The struggle for women’s rights is global. Women in every society have for centuries been fighting for their rights. ActionAid is privileged to work with and support these women.
Women around the world are more likely to live in poverty, simply because they are women. Women’s unequal position in society means they have less power, money, protection from violence and access to education and healthcare. Despite these injustices, women everywhere are standing up to claim their rights and to fight poverty - and ActionAid are there to help them.
Child sponsorship and women’s rights
Neema is eight years old and has been at school since she was 5. She has three older sisters who also go to school. She lives with her mum and dad lives somewhere else – they never got married. She told us that she likes child sponsorship because she likes writing to her sponsor.
ActionAid supporters have helped to provide the toilets, classroom and desks for Neema’s school. It’s often difficult for children to go to school in Tanzania, especially for girls, and Neema feels lucky to be in school.
When you sponsor a child, you'll be providing the resources for real, long-term change. You'll get two letters a year from the child you sponsor, and updates from the country programme to tell you how the money you are spending is changing the community your child lives in.
What are ActionAid doing to support women's rights?
ActionAid works with small-scale women farmers to access the practical support they need. We also campaign to make sure that governments support women farmers, and put in place laws on women’s land rights.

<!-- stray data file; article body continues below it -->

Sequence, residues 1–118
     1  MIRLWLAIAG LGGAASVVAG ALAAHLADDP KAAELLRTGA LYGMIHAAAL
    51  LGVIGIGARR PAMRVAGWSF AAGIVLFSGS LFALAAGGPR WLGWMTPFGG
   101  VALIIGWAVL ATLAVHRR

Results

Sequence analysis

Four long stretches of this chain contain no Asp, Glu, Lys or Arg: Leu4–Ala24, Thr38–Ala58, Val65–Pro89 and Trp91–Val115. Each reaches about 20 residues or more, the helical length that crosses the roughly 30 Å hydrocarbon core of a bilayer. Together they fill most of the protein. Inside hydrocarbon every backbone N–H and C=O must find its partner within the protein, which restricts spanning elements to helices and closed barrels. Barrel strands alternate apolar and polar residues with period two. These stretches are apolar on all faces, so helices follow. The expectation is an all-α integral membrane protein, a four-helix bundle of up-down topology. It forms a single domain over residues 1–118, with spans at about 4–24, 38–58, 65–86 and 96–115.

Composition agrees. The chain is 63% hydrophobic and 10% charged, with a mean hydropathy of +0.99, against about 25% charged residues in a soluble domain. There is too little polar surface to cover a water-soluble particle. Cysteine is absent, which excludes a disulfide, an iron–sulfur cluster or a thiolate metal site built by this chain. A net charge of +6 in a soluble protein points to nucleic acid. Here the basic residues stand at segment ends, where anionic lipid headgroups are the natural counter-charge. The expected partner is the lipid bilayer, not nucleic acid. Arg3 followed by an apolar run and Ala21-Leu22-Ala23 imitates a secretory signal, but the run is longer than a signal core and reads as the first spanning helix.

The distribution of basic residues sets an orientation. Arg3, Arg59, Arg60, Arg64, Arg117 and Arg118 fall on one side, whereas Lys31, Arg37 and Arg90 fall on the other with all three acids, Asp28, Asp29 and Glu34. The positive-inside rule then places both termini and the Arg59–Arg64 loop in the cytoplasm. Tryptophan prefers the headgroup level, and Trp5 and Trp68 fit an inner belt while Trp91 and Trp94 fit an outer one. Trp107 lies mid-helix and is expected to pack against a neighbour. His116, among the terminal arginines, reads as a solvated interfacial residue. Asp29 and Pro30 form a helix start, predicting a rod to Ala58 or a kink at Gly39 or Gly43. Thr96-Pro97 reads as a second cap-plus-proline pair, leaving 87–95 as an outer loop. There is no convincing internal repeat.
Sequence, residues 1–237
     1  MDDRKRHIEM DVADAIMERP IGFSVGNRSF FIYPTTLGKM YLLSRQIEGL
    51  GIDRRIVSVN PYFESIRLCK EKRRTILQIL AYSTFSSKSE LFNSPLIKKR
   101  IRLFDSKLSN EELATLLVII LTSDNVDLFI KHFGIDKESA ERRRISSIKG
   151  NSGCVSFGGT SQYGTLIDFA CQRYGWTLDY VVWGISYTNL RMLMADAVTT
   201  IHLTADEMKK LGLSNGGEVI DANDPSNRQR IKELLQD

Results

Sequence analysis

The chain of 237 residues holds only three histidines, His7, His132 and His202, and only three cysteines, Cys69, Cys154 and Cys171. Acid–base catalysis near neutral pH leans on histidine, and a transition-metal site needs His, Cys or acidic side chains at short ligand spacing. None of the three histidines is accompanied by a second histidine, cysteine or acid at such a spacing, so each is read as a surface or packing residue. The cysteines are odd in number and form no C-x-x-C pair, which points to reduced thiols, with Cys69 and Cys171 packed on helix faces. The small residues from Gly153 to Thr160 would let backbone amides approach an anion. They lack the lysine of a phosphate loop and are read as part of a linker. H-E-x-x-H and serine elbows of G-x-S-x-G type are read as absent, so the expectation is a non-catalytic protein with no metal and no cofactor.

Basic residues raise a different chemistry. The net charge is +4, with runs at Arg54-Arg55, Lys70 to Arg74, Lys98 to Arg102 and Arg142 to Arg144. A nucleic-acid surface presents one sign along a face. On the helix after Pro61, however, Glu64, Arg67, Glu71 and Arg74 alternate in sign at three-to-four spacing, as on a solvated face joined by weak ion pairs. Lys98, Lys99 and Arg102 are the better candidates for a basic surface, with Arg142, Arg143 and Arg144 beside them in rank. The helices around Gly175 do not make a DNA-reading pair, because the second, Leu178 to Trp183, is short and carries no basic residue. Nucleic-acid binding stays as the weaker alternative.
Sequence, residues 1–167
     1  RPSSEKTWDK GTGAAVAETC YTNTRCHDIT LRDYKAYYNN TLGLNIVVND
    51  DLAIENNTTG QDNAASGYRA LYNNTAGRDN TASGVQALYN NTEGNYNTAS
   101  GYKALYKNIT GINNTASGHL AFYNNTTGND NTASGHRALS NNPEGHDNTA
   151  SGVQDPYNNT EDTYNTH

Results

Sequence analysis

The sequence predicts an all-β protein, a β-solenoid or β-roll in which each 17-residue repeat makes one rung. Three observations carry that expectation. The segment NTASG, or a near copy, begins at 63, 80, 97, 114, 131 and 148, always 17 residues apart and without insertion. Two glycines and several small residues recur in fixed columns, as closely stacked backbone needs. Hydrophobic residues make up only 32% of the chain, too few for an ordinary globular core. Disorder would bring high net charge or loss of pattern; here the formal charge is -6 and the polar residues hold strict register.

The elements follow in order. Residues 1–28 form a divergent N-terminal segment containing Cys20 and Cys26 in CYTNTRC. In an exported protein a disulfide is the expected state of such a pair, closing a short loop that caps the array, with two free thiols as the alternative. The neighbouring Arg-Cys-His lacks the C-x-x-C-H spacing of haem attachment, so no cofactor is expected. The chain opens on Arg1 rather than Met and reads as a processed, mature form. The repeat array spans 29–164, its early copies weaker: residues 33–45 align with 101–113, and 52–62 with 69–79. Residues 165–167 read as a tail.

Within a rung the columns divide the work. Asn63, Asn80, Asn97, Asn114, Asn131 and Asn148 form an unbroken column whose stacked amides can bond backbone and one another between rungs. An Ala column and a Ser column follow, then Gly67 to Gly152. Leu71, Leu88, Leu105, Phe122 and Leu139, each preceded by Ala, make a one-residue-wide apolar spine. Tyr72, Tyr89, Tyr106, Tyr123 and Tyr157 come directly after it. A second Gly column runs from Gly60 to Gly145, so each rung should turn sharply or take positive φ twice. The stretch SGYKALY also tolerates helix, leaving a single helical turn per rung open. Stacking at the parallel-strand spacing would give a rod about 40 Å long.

ActionAid Nepal supports a community forestry project, initiated by rural women to help preserve the forest and strengthen their livelihoods by growing fruit and vegetables.
In poor countries girls often miss out on the education received by their brothers. When setting up education programmes we make sure that women as well as men are consulted. As a result, education for girls and women has become a priority. Literate women have greater access to information about healthcare, and are better able to assert their families' interests.
In Ethiopia, ActionAid has been providing support for the Network of Ethiopian Women to conduct training for women parliamentary candidates, to enhance their chances of being elected.
HIV and AIDS are both a consequence and a cause of violence against women. Women make up 59% of those infected with HIV and AIDS in sub-Saharan Africa and 64% of 15 to 24 year olds living with HIV in developing countries. What is less often recognised is that the very high level of violence against women in many countries is driving the HIV pandemic.
ActionAid Pakistan has been a key part of the campaign to challenge the Hudood Ordinance which, among other things, criminalises women who have been raped.